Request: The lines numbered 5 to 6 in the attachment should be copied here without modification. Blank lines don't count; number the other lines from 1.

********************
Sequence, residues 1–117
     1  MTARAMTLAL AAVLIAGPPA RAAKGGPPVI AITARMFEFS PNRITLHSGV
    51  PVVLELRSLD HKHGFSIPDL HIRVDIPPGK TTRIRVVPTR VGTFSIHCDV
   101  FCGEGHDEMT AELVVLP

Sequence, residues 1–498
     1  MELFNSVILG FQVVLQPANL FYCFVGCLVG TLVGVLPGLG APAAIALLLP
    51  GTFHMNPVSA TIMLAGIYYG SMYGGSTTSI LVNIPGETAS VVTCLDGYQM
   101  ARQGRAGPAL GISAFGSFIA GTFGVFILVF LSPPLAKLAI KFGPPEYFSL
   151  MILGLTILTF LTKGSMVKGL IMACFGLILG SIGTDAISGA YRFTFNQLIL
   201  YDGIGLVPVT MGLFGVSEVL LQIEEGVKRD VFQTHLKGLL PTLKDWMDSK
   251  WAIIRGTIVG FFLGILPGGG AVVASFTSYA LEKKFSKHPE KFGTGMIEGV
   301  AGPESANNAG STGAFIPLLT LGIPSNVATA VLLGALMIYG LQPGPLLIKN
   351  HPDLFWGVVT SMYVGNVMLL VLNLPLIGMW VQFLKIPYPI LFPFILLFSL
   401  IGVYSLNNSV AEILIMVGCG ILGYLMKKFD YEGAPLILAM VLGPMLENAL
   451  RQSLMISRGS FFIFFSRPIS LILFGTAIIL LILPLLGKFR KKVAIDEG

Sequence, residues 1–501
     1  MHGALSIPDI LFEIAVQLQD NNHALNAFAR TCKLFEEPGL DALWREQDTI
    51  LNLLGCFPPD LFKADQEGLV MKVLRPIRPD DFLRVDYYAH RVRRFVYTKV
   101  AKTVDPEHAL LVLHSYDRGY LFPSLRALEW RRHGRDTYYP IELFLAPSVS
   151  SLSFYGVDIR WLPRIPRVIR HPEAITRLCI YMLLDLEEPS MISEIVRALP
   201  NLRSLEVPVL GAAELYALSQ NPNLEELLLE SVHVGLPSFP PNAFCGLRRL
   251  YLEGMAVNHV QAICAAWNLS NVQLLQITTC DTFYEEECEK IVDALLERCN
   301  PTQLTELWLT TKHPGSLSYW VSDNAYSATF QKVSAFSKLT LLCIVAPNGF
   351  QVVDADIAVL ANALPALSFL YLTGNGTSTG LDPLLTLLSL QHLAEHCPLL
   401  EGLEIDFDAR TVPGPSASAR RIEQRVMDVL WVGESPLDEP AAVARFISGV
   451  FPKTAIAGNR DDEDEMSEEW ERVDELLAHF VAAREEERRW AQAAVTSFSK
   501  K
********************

Sequence, residues 1–498
     1  MELFNSVILG FQVVLQPANL FYCFVGCLVG TLVGVLPGLG APAAIALLLP